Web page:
Hartley Sawyer will not be returning for the seventh season of “The Flash” after old racist and misogynist tweets resurfaced online.
Sawyer — who plays Ralph Dibny, The Elongated Man, on the CW superhero show — was fired Monday as a result of tweets from 2012 and 2014 resurfacing that were degrading to women and where he called himself a racist. In one tweet, Sawyer jokes about being at dinner and “exposed myself as a racist, again." He said in another that he would “beat the hell” out of his wife if he had one.
Sawyer issued an apology to his Instagram on May 30 after the tweets resurfaced where he admitted to making “unacceptable” jokes to get attention.
“I am incredibly sorry, ashamed and disappointed in myself for my ignorance back then,” Sawyer said. “I want to be very clear: this is not reflective of what I think or who I am now.”
The actor said that friends opened his eyes to his behavior years ago, which helped him evolve into a more “responsible” adult.
“I've largely kept that journey private, and this is another way that I have let so many down,” Sawyer said. “I still have more work to do.”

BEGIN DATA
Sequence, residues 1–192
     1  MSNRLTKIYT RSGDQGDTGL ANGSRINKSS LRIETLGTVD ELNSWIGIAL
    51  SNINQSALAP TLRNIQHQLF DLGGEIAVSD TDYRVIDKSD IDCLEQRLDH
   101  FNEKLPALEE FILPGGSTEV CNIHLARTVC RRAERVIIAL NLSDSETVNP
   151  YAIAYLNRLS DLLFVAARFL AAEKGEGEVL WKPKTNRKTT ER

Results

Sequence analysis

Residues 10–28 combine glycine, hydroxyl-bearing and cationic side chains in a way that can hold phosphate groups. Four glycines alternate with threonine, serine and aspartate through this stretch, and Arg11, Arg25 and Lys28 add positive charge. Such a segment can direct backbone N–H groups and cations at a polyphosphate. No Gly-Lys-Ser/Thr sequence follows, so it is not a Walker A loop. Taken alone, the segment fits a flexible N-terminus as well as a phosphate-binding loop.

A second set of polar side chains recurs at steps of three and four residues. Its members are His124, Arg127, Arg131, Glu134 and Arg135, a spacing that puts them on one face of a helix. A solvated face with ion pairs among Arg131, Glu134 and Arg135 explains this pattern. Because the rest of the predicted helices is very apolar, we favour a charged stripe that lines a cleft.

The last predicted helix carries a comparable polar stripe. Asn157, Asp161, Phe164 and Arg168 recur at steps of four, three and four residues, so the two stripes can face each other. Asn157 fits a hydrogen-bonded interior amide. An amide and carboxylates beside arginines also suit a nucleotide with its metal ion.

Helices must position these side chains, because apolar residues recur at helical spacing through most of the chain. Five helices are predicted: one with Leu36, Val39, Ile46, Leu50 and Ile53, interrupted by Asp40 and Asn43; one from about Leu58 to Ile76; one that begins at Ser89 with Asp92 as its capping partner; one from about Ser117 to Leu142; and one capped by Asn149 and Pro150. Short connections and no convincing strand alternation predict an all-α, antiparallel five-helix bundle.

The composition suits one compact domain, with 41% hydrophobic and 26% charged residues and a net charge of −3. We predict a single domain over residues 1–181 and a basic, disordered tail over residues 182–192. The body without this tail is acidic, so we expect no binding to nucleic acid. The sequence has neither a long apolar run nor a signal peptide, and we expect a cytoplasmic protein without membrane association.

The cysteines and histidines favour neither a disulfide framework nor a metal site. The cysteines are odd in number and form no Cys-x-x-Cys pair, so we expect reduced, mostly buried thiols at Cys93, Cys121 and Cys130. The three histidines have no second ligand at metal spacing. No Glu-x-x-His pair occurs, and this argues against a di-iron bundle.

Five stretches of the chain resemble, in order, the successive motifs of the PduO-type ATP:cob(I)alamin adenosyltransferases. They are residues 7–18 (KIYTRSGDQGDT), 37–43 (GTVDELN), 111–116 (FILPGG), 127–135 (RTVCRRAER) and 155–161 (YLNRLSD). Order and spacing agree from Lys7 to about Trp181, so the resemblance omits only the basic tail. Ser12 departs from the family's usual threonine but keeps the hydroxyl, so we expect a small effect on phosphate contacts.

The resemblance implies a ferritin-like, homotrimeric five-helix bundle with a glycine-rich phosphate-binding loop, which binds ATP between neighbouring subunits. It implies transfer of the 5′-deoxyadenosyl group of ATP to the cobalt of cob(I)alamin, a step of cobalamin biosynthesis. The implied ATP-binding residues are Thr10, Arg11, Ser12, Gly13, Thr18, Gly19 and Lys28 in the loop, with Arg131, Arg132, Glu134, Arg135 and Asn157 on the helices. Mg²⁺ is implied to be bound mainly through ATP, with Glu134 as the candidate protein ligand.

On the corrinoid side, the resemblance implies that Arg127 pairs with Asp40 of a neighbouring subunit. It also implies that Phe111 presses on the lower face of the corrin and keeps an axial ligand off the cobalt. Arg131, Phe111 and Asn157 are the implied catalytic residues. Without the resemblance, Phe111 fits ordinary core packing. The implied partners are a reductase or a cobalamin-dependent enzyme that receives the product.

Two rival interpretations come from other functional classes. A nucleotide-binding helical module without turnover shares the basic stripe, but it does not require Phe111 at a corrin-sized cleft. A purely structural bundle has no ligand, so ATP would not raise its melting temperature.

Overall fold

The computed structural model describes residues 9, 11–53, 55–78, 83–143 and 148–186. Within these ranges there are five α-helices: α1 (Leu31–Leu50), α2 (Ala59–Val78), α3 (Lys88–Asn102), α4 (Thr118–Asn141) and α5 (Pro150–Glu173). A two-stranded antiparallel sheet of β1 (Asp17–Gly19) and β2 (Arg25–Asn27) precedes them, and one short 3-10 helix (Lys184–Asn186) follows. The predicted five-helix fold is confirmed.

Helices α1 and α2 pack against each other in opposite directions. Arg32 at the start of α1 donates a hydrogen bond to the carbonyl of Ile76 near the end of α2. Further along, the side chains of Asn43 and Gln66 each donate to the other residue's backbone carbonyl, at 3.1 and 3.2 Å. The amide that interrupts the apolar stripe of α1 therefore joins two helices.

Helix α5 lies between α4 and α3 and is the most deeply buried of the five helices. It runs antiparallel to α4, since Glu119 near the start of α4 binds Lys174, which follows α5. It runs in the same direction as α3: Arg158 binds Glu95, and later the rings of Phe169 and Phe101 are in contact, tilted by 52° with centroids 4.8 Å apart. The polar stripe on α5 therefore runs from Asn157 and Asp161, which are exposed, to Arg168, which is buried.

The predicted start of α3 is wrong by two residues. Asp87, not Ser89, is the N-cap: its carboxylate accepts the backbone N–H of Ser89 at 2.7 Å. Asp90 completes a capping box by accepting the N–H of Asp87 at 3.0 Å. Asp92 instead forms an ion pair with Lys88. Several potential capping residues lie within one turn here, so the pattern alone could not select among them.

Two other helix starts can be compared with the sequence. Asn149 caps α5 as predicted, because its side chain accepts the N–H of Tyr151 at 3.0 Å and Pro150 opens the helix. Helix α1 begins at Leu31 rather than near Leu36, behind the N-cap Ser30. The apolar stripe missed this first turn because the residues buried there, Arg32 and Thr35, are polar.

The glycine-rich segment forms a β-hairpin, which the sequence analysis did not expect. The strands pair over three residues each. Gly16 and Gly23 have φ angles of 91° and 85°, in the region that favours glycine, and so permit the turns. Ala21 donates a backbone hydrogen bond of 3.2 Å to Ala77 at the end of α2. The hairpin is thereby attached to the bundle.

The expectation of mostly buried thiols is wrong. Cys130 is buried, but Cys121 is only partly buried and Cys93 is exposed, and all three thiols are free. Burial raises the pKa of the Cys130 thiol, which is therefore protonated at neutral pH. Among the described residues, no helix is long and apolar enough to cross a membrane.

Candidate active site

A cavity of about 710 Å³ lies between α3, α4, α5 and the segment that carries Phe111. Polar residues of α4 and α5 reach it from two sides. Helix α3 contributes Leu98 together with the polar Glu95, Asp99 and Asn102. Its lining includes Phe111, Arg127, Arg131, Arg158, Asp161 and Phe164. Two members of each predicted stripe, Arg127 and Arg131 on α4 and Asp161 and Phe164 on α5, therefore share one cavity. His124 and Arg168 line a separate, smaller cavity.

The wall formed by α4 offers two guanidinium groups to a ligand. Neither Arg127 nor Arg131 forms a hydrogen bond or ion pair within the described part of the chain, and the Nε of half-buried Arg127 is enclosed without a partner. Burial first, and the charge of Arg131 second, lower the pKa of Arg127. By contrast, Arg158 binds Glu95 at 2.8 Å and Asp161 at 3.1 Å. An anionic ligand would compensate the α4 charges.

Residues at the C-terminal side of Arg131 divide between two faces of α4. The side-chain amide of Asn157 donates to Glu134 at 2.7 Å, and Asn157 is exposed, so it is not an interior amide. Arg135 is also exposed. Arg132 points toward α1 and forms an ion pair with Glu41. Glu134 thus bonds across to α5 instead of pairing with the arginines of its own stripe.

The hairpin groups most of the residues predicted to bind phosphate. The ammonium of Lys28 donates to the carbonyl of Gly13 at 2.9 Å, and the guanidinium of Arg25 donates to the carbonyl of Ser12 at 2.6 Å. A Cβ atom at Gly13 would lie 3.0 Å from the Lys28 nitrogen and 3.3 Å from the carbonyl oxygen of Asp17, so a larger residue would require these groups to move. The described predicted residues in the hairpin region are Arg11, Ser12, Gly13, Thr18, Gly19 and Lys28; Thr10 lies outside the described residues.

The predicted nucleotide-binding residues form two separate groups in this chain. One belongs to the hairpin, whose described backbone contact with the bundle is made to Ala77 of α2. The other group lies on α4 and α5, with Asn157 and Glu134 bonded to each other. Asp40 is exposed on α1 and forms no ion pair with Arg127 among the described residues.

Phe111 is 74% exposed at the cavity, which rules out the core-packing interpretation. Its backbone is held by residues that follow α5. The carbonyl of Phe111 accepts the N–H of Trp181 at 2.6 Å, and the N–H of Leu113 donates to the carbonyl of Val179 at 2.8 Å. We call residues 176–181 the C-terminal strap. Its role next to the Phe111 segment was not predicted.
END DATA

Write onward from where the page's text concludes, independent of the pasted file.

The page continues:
The network released a joint statement on Monday along with Warner Bros. Television and Berlanti Productions to announce Sawyer would not be returning for the next season of “The Flash.”
“In regards to Mr. Sawyer’s posts on social media, we do not tolerate derogatory remarks that target any race, ethnicity, national origin, gender, or sexual orientation,” the statement said. ”Such remarks are antithetical to our values and polices, which strive and evolve to promote a safe, inclusive and productive environment for our workforce.”
“The Flash" is a family show for all families, including black and brown ones, showrunner Eric Wallace said in a statement following Sawyer’s release from the show. Wallace explained that seeing the actor’s social media posts made him “mad as hell” and were indicative of a larger problem.
“Because at present, our country still accepts and protects the continual harassment — unconscious or otherwise — terrorizing and brutalizing of Black and Brown people, which is far too often fatal,” Wallace wrote.
Wallace made a commitment in his statement to making permanent change on the show’s set to hire actors, writers and producers of all races and gender to work on “The Flash.”
“Their stories are part of the American narrative, too, and must be heard,” Wallace said. “And the more you hear and see us, the more you will begin to recognize one simple fact: We’re human beings, too.”
Grant Gustin, the actor who plays the the title character, reposted Wallace’s statement to his own Instagram Monday.
“I don’t have much to add because Eric’s thoughts are stated so eloquently and powerfully,” Gustin wrote. “I will say I was shocked, saddened and angry when I saw the tweets. Words matter.”